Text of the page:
The red pizza sauce was a canning camp product. (We're definitely going to have to add this to the must-make list next year.)

Gazpacho Recipe (as promised)

This is always a must-have of the summer for me. I tend to eat a lot of salads, so this is a great way to get all the nutrients, just in a different form. It's so refreshing, I often find myself drinking it out of the bowl. (Shhhh!) Feel free to add more fresh herbs and/or a jalapeno if that's your thing. 

  • 1 peeled garlic clove
  • 2 T fresh chives
  • 2 T fresh basil
  • 2 T fresh parsley
  • 3 tomatoes, skinned and seeded
  • 1 green pepper, quartered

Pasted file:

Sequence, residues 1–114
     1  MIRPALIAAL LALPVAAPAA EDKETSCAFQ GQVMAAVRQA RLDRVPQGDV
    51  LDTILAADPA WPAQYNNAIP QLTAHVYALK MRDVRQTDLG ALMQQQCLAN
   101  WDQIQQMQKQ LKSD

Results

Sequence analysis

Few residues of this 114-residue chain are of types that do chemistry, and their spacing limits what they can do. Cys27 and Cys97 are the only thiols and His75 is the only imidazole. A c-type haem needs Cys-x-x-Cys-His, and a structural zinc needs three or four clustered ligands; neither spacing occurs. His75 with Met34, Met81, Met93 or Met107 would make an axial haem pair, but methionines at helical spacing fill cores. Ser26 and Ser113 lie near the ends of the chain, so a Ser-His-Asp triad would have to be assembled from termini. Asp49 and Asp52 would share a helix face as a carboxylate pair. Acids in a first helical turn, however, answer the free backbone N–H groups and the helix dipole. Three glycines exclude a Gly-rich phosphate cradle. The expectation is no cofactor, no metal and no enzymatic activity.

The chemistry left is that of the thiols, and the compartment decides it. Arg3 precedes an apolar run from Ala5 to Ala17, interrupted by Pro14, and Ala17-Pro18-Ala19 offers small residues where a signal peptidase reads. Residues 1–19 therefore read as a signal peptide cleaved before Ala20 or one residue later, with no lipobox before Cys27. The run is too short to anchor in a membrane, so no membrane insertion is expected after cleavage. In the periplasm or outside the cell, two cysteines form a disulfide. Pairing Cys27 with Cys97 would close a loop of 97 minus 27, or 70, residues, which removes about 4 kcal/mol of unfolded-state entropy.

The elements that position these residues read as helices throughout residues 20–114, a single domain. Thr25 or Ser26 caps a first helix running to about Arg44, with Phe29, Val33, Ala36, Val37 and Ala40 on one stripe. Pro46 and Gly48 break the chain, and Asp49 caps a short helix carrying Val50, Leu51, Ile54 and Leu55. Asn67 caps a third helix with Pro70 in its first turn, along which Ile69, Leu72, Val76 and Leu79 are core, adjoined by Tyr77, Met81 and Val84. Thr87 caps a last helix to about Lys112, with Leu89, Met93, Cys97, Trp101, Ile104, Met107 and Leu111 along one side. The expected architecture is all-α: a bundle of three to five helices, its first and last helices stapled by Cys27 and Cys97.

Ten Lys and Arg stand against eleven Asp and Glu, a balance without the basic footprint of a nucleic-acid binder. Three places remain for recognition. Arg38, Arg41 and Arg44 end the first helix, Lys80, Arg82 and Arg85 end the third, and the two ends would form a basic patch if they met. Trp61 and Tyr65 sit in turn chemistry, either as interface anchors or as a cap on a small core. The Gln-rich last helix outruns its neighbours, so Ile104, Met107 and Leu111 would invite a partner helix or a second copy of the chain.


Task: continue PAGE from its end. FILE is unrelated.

• 1 onion, peeled and quartered
  • 1 peeled carrot
  • 1 cucumber, peeled and seeded
  • 1/2 cup lemon juice
  • 2 cups broth or stock
  • 2 cups tomato juice
  • 2 6-oz cans hot V8 juice
  • croutons, chopped tomatoes, cucumber and/or avocado to garnish
  1. Chop the garlic in the food processor with the chopping blade. Add fresh herbs and process until everything is chopped nicely.
  2. Remove the chopping blade and switch to the grater. Grate the carrot. 
  3. Return the chopping blade and add remaining vegetable ingredients and pulse. 
  4. Add in the tomato juice and process until almost smooth. 
  5. Transfer to a large bowl and add the remaining liquids. 
  6. Stir well and chill at least 2 hours before serving. 
  7. Serve cold with desired accouterments. 

For dessert, Grandma's chocolate pie. I'm going to have to make this one day when I'm not in a rush, so I can take pictures of the process and post the recipe. I was literally stirring the pudding whilst finishing the book before my guests arrived, so alas, no time for process photos. But isn't the final shot a beaut?

The perfect slice!